dalai lama

His Holiness is up there somewhere. (Yeah, I was in the cheap seats.)

Just got back from watching His Holiness The Dalai Lama at Regions Field here in Birmingham.  Loved his message, almost as much for its simplicity as anything else.

  • His main point was that at the fundamental level, we are ALL human.  That differences such as race, religion, region, etc. are all secondary to the fact to the sameness that we are all human.  And that should be the focus.
  • He seems to be very humble.  He says that if he came out trying to be all “I’m His Holiness The Dalai Lama” and thus special, he would create his own prison and would not be able to connect with others.
  • He made a special point that there are 1 billion people in the world that are part of no religion, and that you can’t just cast those people aside.  He said everyone deserves love and happiness.  He said that’s why secularism is important, which he defined as respect for not only all religions but also for the lack of religion.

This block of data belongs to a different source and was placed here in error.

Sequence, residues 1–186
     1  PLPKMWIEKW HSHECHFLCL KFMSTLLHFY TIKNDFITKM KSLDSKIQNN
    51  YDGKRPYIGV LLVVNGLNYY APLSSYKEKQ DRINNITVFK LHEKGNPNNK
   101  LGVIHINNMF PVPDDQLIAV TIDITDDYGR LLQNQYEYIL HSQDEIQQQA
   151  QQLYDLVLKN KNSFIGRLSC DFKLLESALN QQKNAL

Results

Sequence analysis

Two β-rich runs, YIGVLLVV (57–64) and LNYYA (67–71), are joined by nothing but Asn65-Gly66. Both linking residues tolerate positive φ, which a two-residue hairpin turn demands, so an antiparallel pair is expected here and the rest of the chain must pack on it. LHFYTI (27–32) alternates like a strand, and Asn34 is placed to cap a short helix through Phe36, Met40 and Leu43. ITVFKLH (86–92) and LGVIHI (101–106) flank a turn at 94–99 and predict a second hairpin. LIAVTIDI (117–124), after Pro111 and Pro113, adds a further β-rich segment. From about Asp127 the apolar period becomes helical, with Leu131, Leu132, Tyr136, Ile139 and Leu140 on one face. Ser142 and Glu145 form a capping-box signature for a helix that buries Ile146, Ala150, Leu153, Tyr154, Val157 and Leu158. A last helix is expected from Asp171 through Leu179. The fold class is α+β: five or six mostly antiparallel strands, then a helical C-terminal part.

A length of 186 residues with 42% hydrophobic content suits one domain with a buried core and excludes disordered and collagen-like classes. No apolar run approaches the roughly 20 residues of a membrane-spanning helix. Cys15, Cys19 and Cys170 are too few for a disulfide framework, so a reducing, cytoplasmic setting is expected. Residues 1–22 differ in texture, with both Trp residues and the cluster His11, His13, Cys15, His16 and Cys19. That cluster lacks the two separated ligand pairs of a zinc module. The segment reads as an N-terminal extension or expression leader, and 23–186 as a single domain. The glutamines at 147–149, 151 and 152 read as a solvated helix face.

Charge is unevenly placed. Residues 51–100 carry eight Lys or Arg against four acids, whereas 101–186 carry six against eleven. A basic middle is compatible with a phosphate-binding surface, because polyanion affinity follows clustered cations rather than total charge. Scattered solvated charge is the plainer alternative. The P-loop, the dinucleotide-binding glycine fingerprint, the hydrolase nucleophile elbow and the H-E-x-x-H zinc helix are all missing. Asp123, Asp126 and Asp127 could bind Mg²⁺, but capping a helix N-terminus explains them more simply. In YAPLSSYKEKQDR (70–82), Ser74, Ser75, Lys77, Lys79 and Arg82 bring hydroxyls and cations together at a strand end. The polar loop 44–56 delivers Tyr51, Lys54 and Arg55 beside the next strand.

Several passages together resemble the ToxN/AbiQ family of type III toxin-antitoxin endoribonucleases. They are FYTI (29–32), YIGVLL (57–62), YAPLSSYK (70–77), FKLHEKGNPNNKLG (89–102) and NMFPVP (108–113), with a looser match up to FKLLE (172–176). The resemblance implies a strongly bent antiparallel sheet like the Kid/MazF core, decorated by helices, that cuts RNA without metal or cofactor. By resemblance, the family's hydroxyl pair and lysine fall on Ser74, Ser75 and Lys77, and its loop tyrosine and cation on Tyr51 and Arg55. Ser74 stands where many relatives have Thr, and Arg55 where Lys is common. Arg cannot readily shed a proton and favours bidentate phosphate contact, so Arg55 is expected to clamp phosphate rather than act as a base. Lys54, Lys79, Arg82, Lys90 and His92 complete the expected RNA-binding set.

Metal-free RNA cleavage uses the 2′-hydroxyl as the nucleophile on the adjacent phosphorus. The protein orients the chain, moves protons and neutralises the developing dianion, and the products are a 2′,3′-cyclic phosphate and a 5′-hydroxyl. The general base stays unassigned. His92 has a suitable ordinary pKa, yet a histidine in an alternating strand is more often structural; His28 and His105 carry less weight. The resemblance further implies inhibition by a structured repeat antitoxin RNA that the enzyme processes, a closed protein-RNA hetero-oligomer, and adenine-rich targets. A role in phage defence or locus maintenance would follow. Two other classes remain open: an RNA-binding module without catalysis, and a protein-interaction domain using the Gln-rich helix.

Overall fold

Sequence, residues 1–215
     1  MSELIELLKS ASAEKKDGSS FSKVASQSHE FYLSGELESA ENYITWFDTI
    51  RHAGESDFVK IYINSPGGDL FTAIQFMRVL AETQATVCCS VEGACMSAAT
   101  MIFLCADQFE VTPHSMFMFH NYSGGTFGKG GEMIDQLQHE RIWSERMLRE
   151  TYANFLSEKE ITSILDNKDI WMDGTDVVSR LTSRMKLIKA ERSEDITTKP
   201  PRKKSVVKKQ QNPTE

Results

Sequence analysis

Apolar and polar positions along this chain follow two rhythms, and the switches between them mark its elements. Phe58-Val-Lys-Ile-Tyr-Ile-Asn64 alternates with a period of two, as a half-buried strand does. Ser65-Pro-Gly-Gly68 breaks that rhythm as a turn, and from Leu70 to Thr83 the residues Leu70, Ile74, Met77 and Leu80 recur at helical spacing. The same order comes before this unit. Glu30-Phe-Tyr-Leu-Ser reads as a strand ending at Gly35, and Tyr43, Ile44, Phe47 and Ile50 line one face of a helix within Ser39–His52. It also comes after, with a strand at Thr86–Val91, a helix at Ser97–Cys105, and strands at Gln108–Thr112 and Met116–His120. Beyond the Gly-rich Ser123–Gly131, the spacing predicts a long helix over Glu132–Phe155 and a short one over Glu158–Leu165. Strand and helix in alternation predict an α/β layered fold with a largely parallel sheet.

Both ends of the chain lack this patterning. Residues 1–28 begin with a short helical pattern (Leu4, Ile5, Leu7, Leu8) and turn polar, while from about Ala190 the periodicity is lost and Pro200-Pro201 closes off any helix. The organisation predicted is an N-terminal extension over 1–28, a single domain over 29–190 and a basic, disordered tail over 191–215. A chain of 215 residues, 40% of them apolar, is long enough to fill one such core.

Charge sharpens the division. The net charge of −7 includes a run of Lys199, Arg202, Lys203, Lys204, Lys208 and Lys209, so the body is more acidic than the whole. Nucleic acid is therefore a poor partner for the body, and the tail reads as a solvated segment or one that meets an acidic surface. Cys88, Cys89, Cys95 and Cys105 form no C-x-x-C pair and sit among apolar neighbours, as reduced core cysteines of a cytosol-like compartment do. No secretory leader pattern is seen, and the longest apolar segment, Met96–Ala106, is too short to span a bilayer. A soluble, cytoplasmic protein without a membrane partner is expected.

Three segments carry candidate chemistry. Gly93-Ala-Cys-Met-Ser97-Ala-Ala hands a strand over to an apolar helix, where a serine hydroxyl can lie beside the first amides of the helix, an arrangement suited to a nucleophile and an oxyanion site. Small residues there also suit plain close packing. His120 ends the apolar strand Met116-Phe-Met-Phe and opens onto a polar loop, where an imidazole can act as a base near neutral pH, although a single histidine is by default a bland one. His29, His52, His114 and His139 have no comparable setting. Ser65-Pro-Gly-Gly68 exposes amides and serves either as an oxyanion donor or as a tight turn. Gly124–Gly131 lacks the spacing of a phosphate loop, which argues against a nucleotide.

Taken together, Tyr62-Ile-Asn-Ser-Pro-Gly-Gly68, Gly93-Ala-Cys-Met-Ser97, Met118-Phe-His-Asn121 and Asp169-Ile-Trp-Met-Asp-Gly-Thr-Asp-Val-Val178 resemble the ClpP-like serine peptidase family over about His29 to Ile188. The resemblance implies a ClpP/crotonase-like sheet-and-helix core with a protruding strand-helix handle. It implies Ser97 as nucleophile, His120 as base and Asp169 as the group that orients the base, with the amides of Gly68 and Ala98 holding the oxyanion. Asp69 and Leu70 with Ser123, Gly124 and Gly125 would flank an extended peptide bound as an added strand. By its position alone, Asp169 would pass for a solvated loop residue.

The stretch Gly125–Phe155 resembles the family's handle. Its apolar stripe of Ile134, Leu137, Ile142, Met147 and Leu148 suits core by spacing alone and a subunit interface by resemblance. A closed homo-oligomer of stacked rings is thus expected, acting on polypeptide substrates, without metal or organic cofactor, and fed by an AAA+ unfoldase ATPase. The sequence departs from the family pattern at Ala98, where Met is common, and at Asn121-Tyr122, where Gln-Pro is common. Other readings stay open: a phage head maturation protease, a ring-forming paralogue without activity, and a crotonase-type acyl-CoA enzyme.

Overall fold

• He was not very kind to his generation (and anyone over the age of 30) in regards to its overreliance on violence in an effort to solve problems.  He basically said it would be up to the next generation to clean up our mess and create a culture of dialogue (because of course we will always have disagreements).  Only then would we have a peaceful world.

So simple.  But clearly also so hard.  But I think we could go a long way towards a more peaceful, happy, just world by simply respecting and loving one another, realizing that we are all the same at the most fundamental level, and trying to have a little more empathy because of that.


We are about a month away from elections, and our governor in Alabama is up for reelection.  How is he doing?